Author(s): Zhu WY, Yang YL, Fu SH, Wang LH, Zai YG,
Abstract Share this page
Abstract An infectious clone (pBR-XJ160) was constructed using the full-length cDNA of the Sindbis-like XJ-160 virus. Two nucleotide mutations, causing amino acid changes at residue 169 from Lys to Arg and at residue 173 from Thr to Ile in the nonstructural protein (nsP) 1 coding region, strongly influenced the infectivity of in vitro-synthesized RNA. We used site-directed mutagenesis to obtain clones encoding a change to Arg at residue 169 of nsP1 (pBR-169), a change to Ile at residue 173 (pBR-173), or both changes (pBR-6973). Infectivity of RNA from pBR-169 was abolished, but viral forms BR-173 and BR-6973 were obtained from pBR-173 and pBR-6973, respectively. Further, BR-173 exhibited higher propagation than BR-XJ160 in cell culture and higher neurovirulence in a suckling mouse model. BR-6973 possessed an intermediate phenotype. BR-173 and BR-6973 showed increased sensitivity to 3-deazaadenosine (3-DZA), which inhibits S-adenosylhomocysteine hydrolase. Thus, mutagenesis at residue 169 in the nsP1 region of XJ-160 is lethal, but mutation at residue 173 from Thr to Ile enhances viral infectivity and neurovirulence and suppresses the lethal effect of the mutation at residue 169. These mutations might be associated with the RNA methyltransferase (MTase) activity of nsP1.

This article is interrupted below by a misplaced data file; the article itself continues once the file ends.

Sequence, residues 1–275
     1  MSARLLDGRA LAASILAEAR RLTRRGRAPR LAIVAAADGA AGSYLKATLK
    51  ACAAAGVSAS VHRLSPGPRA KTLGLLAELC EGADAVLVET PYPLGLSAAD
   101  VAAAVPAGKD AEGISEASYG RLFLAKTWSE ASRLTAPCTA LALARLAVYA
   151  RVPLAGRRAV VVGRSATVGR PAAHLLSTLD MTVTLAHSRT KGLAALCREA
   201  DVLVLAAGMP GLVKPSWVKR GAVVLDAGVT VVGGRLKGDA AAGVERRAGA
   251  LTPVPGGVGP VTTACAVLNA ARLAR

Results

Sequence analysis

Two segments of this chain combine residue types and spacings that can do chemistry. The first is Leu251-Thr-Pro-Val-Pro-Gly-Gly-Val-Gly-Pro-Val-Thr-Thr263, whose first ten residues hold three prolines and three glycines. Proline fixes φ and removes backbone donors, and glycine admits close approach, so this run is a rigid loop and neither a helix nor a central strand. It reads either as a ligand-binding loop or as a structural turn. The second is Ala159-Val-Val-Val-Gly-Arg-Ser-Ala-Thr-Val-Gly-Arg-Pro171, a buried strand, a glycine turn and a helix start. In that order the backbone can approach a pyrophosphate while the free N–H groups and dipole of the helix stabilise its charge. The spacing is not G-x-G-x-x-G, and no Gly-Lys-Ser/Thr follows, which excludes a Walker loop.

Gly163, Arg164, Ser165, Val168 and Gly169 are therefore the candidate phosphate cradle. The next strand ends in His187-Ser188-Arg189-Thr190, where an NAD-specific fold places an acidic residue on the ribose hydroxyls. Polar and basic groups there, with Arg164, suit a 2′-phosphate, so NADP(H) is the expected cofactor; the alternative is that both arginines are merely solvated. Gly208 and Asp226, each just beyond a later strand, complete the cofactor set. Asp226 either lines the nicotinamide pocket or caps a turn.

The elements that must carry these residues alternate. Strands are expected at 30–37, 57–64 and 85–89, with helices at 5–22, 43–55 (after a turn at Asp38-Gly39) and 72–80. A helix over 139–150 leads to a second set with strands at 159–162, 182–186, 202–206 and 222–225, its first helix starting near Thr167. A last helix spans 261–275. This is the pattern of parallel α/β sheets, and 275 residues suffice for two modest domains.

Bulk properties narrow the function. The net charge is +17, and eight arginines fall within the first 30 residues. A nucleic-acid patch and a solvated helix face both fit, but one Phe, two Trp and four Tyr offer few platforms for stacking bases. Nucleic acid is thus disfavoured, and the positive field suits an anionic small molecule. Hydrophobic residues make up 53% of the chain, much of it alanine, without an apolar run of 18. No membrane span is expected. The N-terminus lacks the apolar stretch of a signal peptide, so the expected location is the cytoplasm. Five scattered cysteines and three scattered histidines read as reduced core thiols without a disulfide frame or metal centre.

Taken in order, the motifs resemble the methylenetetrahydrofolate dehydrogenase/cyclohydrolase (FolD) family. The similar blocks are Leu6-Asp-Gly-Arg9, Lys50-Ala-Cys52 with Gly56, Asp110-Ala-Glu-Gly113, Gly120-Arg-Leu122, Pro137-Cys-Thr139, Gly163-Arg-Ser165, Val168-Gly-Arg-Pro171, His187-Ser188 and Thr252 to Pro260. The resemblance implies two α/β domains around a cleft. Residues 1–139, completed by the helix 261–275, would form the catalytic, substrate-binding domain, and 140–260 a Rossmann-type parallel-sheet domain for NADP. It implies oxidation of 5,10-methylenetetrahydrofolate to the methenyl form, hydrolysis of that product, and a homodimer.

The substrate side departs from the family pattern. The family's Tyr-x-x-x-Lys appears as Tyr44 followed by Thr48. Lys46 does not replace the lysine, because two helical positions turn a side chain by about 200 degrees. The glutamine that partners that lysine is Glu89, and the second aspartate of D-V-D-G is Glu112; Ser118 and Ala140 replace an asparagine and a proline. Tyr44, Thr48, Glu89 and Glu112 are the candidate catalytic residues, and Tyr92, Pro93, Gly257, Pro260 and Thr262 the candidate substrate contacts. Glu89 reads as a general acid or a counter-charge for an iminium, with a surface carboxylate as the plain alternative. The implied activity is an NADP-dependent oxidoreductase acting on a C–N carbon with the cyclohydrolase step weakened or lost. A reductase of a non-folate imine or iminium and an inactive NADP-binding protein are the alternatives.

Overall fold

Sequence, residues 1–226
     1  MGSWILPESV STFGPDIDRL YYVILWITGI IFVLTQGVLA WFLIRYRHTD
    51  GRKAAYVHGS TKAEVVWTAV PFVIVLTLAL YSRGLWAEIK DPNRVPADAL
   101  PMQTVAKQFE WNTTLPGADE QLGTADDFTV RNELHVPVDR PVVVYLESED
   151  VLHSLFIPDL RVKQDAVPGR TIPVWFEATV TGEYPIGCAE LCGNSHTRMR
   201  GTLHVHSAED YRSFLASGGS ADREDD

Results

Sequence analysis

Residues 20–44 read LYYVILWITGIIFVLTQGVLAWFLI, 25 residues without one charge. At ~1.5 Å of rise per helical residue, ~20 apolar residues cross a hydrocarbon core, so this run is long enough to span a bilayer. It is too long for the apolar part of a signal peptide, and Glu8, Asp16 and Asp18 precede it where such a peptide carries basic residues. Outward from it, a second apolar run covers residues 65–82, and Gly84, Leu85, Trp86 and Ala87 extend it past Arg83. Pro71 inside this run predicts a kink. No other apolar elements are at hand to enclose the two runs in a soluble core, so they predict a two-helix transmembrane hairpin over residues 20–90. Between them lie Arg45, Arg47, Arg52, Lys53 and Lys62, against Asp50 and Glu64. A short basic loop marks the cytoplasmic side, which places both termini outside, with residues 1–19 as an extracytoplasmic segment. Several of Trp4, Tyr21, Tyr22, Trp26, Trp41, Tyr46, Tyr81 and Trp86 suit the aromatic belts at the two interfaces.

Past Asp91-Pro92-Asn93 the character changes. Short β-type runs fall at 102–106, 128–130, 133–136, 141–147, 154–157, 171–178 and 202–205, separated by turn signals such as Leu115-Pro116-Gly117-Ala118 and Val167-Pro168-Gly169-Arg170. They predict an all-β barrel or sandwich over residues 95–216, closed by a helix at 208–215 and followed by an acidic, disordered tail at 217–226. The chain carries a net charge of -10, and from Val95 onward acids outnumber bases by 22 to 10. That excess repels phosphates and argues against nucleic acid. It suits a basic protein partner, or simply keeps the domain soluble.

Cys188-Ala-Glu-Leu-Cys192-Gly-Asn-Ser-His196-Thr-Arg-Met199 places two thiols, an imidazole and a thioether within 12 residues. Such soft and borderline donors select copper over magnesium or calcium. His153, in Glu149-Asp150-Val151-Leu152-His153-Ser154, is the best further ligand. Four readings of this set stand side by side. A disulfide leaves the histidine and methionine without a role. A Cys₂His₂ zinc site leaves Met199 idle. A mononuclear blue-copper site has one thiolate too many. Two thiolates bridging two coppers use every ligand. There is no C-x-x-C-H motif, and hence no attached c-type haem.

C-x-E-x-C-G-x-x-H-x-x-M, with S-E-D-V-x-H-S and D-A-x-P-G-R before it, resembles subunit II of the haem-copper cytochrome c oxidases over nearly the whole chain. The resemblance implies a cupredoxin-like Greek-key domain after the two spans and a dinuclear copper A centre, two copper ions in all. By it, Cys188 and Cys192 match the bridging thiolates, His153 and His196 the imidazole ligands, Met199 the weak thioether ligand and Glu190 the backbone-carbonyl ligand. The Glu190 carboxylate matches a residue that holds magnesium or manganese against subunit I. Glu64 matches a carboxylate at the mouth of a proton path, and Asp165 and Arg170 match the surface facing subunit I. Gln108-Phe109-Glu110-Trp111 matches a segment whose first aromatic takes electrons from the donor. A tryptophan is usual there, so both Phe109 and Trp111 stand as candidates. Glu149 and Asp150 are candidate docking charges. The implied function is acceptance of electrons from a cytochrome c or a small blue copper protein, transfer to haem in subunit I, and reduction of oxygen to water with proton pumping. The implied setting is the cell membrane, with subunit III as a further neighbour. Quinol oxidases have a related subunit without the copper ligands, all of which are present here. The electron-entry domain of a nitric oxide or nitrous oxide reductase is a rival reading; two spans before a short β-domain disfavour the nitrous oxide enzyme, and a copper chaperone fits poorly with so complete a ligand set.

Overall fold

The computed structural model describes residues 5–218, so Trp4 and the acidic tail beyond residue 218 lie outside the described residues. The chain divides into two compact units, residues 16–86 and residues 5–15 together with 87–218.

This article was published in Arch Virol
and referenced in Journal of Proteomics & Bioinformatics